8 - Fermentation
8.2.2 Attenuative Phase
The attenuative phase is marked by a time of vigorous
fermentation when the gravity of the beer drops by 2/3-3/4 of the
original gravity (OG). The majority of the attenuation occurs during
the primary phase, and can last anywhere from 2-6 days for ales, or
4-10 days for lagers, depending on conditions.
A head of foamy
krausen will form on top of the beer. The foam consists of yeast and
wort proteins and is a light creamy color, with islands of
green-brown gunk that collect and tend to adhere to the sides of the fermentor. The gunk is composed of extraneous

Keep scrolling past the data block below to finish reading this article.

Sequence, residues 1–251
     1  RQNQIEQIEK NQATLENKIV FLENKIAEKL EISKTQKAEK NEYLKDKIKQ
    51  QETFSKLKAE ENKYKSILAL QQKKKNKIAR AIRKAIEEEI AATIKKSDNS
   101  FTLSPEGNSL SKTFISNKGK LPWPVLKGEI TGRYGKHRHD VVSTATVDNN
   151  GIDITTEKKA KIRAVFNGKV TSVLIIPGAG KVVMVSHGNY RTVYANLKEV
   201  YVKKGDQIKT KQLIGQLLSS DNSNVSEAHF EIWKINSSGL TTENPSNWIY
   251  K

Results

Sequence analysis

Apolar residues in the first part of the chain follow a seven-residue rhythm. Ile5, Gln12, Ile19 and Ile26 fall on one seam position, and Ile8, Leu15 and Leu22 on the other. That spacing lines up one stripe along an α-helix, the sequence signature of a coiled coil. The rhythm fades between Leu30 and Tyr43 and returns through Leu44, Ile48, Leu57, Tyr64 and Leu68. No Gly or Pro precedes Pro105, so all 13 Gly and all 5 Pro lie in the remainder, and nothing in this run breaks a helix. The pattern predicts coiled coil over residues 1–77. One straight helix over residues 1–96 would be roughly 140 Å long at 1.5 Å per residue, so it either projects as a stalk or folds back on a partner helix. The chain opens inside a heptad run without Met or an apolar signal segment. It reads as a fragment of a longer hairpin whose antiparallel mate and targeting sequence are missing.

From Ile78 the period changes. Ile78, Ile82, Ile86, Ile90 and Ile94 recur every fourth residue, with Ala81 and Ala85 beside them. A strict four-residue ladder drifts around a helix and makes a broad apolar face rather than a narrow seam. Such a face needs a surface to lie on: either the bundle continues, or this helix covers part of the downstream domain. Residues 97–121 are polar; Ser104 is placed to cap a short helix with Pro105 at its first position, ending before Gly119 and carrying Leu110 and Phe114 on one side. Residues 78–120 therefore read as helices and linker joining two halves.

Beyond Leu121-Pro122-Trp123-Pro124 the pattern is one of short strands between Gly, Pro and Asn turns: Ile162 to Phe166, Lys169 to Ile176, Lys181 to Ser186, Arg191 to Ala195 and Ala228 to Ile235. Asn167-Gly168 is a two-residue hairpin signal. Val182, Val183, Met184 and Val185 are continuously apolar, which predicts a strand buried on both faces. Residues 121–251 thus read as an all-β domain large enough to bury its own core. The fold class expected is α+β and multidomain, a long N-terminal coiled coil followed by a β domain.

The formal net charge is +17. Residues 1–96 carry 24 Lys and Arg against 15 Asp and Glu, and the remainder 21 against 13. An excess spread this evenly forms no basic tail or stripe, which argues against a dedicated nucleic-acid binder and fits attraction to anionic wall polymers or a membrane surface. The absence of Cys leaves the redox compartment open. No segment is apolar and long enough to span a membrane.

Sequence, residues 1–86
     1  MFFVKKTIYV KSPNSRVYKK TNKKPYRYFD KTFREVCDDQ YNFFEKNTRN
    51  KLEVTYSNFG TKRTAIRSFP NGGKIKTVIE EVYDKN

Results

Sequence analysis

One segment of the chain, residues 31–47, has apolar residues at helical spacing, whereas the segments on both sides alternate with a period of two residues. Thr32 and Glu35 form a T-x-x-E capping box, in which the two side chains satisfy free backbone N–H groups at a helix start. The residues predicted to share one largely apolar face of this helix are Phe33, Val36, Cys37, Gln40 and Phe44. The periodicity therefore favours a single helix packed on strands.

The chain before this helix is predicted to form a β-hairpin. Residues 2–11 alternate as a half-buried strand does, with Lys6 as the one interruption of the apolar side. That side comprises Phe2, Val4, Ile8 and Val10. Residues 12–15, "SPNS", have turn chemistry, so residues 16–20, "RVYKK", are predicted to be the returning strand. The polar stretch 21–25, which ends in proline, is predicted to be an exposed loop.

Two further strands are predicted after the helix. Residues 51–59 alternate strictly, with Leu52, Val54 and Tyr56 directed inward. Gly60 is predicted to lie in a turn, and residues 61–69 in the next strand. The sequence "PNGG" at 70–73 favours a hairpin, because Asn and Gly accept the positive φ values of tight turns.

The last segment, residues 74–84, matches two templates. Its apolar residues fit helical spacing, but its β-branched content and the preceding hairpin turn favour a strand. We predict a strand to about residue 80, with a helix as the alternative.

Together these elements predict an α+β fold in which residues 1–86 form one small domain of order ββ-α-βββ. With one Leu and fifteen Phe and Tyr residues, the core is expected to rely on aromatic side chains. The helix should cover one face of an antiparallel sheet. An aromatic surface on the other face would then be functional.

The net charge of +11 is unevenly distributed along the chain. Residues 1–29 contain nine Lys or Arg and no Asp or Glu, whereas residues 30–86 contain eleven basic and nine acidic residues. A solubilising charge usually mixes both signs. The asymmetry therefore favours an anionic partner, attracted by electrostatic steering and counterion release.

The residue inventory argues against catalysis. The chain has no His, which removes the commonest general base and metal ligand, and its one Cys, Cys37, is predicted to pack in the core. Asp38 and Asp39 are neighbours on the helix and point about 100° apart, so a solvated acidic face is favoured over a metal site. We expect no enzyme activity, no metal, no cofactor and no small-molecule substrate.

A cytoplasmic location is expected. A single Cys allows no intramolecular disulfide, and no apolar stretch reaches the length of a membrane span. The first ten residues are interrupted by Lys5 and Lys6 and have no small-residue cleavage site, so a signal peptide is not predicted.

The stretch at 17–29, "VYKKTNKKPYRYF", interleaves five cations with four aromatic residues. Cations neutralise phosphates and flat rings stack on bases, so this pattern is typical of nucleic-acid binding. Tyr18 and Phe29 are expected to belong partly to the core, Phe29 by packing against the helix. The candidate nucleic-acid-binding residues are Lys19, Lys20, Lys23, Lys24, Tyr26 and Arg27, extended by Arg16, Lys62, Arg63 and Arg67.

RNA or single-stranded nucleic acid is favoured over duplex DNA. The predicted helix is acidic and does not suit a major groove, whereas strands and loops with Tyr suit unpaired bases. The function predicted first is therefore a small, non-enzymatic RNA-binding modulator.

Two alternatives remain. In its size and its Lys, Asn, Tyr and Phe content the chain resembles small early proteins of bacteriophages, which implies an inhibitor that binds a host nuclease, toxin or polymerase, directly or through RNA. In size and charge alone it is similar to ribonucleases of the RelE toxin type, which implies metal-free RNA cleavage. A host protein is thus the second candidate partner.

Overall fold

wort protein, hop resins, and dead yeast.
As the attenuative phase winds down, a
majority of the yeast start settling out and the krausen
starts to subside.
Many canned kits
will advise bottling the beer after one week or after the krausen has
subsided. This is not a good idea because the beer has not yet gone through
the Conditioning phase. At this time the
beer would taste a bit rough around the edges (e.g. yeasty flavors,
buttery tones, green apple flavors) but that will disappear after a
few days of conditioning.